What Borrowers are Doing to Financially Weather the Pandemic
As occupancy plummeted, borrowers began asking for deferrals of both principal and interest payments. Since they still needed to cover fixed costs like insurance and taxes despite the drop in revenue, this was a logical request.
Lenders can choose to approve or deny these requests, of course. However, to deny them is to risk eventual default if occupancy doesn’t increase. For many lenders, a better option has been to work with borrowers. They can restrict distributions, dividends, and intercompany debt payments to the borrower’s shareholders, sponsors, and related entities. They can even ask sponsors to inject equity.
For borrowers interested in seeking deferrals, it’s important to review the terms of the credit agreement. Law firm Blake, Cassels & Graydon recommends checking for:
- continuous operating covenants
- financial covenant requirements, including regular testing and reporting of compliance with such financial covenants
- requirements to make regular payments into a furniture, fixtures and equipment (FF&E) reserve fund, or to make property improvement plan (PIP) renovations as required by a hotel brand
Knowing your contract means knowing your options.
Hotel owners and franchisees can also seek help from their brand management or franchise agreement. This may require consent from the lender, so borrowers should check their terms before asking. Relief can come in the form of:
- fee relief
- deferred cycle renovations
- waived required funding of FF&E reserves
- suspended brand standards/initiatives
- suspended brand standard audits
- usage of FF&E or PIP reserve funds, or management fee accruals
A borrower who goes the extra mile to explore all financial avenues will have a much easier time working with their lender.
How Lenders are Responding Amid COVID-19
Lenders have been most willing to work with proactive and transparent borrowers. Direct, professional, and communicative borrowers are valuable in the COVID-19 economy. This is especially true for those who work to preserve cash flow and demonstrate that they’re doing everything they can to make smart financial choices.
Relief doesn’t only come from lenders. Look for borrowers seeking tax deferrals and applying to business- and region-specific programs, exploring all avenues and options. After making these efforts, lenders should be more inclined to grant leniency with FF&E or PIP reserve funds. Unlocking management fee accruals may also help cover working capital for short-term liquidity.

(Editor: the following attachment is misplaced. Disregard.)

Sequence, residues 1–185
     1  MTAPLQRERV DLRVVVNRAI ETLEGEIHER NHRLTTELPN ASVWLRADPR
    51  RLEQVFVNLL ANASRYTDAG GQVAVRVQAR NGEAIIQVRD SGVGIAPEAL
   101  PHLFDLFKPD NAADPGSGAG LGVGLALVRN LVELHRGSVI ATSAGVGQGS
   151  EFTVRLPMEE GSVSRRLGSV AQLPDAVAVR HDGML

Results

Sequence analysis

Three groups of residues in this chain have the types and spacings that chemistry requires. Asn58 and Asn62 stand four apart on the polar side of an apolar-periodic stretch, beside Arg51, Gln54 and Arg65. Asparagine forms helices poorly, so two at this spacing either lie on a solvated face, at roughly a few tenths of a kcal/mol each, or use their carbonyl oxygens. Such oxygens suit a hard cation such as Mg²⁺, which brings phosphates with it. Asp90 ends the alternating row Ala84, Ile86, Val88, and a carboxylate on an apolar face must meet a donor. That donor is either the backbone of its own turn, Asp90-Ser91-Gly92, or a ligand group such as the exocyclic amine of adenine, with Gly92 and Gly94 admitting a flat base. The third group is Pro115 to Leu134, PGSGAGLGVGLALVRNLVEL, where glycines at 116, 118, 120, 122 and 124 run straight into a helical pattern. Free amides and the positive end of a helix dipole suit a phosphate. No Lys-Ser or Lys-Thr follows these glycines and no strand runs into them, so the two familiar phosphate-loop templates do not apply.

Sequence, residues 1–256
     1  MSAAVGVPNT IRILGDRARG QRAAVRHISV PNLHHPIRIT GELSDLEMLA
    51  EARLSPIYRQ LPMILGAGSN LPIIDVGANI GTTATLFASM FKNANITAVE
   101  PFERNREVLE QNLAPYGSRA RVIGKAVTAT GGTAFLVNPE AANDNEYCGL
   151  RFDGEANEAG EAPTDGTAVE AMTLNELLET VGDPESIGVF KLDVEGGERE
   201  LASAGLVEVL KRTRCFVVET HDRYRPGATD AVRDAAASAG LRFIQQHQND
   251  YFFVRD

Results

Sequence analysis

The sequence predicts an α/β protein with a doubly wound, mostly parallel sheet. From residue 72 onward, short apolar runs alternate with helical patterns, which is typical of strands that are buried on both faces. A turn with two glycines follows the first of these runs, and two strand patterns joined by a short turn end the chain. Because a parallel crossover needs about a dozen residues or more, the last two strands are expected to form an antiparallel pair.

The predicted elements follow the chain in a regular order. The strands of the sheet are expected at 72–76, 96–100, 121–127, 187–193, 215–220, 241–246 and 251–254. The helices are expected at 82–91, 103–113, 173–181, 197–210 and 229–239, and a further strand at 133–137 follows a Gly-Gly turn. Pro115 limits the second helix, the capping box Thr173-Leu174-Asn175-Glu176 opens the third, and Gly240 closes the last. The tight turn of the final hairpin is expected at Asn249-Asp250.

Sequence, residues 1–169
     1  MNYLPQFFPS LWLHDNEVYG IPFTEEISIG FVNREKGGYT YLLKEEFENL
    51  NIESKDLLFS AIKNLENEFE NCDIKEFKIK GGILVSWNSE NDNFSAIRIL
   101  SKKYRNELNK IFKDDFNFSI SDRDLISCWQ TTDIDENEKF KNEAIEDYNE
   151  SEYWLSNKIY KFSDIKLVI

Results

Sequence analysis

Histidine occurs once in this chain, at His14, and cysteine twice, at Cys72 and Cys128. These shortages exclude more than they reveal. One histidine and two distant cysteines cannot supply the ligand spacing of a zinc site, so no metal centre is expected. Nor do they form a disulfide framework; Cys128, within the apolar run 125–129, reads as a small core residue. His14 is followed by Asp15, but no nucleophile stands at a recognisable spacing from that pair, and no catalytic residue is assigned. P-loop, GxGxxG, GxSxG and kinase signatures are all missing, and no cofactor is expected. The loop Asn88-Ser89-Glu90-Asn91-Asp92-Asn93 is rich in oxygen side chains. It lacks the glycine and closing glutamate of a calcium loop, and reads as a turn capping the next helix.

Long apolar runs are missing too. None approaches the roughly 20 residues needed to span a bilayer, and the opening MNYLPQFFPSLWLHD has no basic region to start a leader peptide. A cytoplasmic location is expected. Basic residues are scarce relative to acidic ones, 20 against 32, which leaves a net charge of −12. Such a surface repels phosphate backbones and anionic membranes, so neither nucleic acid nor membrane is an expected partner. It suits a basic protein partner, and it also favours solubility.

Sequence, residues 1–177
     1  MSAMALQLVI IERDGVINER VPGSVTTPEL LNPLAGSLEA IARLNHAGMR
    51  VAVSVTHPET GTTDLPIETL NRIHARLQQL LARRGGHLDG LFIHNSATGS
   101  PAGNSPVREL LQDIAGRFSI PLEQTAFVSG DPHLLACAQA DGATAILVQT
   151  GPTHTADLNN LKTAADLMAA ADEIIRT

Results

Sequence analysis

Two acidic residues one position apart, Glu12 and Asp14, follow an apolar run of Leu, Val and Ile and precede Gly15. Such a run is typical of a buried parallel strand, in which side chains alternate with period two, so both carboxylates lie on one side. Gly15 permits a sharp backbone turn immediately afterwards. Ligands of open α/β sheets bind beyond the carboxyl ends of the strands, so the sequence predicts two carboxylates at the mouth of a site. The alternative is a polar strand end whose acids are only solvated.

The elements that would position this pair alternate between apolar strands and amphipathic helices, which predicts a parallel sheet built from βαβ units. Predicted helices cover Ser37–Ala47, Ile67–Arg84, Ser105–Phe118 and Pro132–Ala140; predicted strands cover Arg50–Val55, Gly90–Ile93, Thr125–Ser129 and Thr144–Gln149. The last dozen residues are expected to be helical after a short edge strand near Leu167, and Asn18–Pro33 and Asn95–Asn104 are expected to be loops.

Lenders should take all information into account when making decisions about how to work with borrowers. While reduced or deferred payments and debt restructuring are far from ideal, drawing too hard a line during times of financial difficulty for borrowers and economic uncertainty overall could result in losing a valuable relationship. Borrowers who genuinely want to bounce back are great assets compared to unoccupied real estate.
Finally, in times of uncertainty, information changes often. Know where you stand with your borrowers and your responsibilities, and make the best decisions with the information you have.
Exploring All Hotel Financing Options
Many hotels have joined government and private programs to convert rooms into temporary residences for healthcare workers, homeless residents, and others in need of housing. While helpful in many ways, these efforts are always an operational adjustment and are, of course, temporary. Hotel leaders should continue to explore other options, such as:
- Deferring SBA Loan Payments. 7(a) lenders and 504 business certified development companies can defer payments up to six consecutive months.
- Deferring microloan payments. Intermediary lenders can provide deferments up to six months as long as it doesn’t extend beyond the six-year maturity.
- SBA Economic Injury Disaster Loan. This and some state programs can provide up to $2 million in cash assistance at a 3.25% interest rate.
- Refinance. Before COVID-19, borrowers would “harvest their equity” by refinancing at a higher loan-to-value ratio and a much lower interest rate with a standard loan program to consolidate debt and gain capital. This tactic can still work today, especially with an SBA loan.
Outside of SBA loans, borrowers can seek business lines of credit, working capital loans, bridge loans, credit card merchant cash advances, retirement account loans, or second mortgages, if necessary. All of these could help stave off a worst-case scenario of chapter 11 bankruptcy.
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